Below is shown two early Peter Newell lures - the top blank is an unfinished blank with a Newell version of the Nilsmaster which was one of his favourite lures. The bottom lure is a smaller version with a deeper diving bib.
The lures above and below are two of the earliest Newell lures and date c.1966 when Peter was 20 years old (he was making lures from the age of 16). It could probably be viewed as pretty 'rough' when compared to some of the sleek designs developed later as Peter became a master lure maker however these lures are an iconic part of Australia's lure history - it provides the proof that everyone starts somewhere and supports the old saying that 'if you develop a skill and practice for 10,000 hours, you will more than likely become an expert'. Undoubtedly Peter started in the same place every other lure maker does - observing and then experimenting making copies of their favourite lures. These two have a distinct look of large Storm Hot 'n Tots which were a highly successful and popular lure of the time.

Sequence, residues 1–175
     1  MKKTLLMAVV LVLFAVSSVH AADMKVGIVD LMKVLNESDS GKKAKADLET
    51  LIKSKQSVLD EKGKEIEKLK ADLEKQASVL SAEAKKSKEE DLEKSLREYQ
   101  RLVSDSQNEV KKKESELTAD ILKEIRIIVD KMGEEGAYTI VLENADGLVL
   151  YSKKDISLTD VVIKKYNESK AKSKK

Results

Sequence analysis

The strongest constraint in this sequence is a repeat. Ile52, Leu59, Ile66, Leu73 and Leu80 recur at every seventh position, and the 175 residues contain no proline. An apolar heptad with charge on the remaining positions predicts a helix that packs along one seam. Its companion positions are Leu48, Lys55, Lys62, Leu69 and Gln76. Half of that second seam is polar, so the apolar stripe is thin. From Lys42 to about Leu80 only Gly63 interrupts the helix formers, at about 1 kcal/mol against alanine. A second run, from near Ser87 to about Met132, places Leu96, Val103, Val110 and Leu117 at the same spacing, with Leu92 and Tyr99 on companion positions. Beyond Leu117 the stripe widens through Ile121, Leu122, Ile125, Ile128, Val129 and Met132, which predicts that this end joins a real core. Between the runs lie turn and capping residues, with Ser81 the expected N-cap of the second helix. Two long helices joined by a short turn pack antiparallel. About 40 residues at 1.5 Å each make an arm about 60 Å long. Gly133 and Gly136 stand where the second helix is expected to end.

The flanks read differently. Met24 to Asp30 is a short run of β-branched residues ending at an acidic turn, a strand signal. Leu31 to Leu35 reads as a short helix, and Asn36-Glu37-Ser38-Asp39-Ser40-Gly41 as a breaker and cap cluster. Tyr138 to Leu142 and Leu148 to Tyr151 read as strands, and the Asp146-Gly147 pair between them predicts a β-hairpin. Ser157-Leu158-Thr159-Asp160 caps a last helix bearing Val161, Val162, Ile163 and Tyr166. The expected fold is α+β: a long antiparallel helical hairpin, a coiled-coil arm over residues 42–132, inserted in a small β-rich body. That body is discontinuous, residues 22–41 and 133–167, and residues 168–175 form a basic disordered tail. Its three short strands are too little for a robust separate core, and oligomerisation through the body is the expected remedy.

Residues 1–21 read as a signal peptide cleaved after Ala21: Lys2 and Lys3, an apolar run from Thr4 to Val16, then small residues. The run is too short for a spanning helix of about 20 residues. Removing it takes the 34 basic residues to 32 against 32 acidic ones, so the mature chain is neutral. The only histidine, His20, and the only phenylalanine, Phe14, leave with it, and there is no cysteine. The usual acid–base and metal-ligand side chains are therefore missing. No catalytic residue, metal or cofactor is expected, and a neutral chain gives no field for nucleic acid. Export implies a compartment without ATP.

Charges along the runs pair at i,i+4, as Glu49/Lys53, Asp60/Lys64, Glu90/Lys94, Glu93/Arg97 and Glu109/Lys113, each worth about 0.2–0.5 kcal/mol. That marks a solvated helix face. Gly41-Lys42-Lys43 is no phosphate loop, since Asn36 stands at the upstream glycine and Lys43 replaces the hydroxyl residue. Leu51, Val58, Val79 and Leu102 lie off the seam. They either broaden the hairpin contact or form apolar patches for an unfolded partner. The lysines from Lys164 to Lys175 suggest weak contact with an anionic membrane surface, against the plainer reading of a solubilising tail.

Left is shown a very early Newell lure which is obviously a Nilsmaster copy, hand painted and featured with the later Peter Newell article that was published in Modern Fishing, September 1983.
The Newell 'Chin Minnow' and 'Banana Minnow':
It is worth mentioning these early designs as they were mentioned in Peter Newells 'Roll Your Own' article published in 1983 and were an early part of Peter's lure making history.
Below is shown a couple of Chin Minnow blanks.
The Newell 'Beluga':
Another early model that was being developed at the same time as the 'Scorpion' and 'Kadaitcha' designs in the early 1980's. They came in three sizes as shown right.
The lure below is an early metal bibbed Newell 'Beluga' c.1983
Above - Peter Newell analysing the plans of an aircraft model - one of his favourite interests was in aeroplanes.
Travers Powell relates a story about the design of the original Scorpion from his days in Tenterfield;
 'Peter had a keen interest in aeroplanes. About 20 years ago, in his 'workshop', Peter told me about using wing cross-section profiles to get the shape of the Scorpion. He photocopied the page that he used and gave it to me (scanned copy below). Peter believed that the aerodynamic features of a wing might be useful in the hydrodynamics of a lure.'
The Kadaicha/Kadaitcha was developed along similar principles.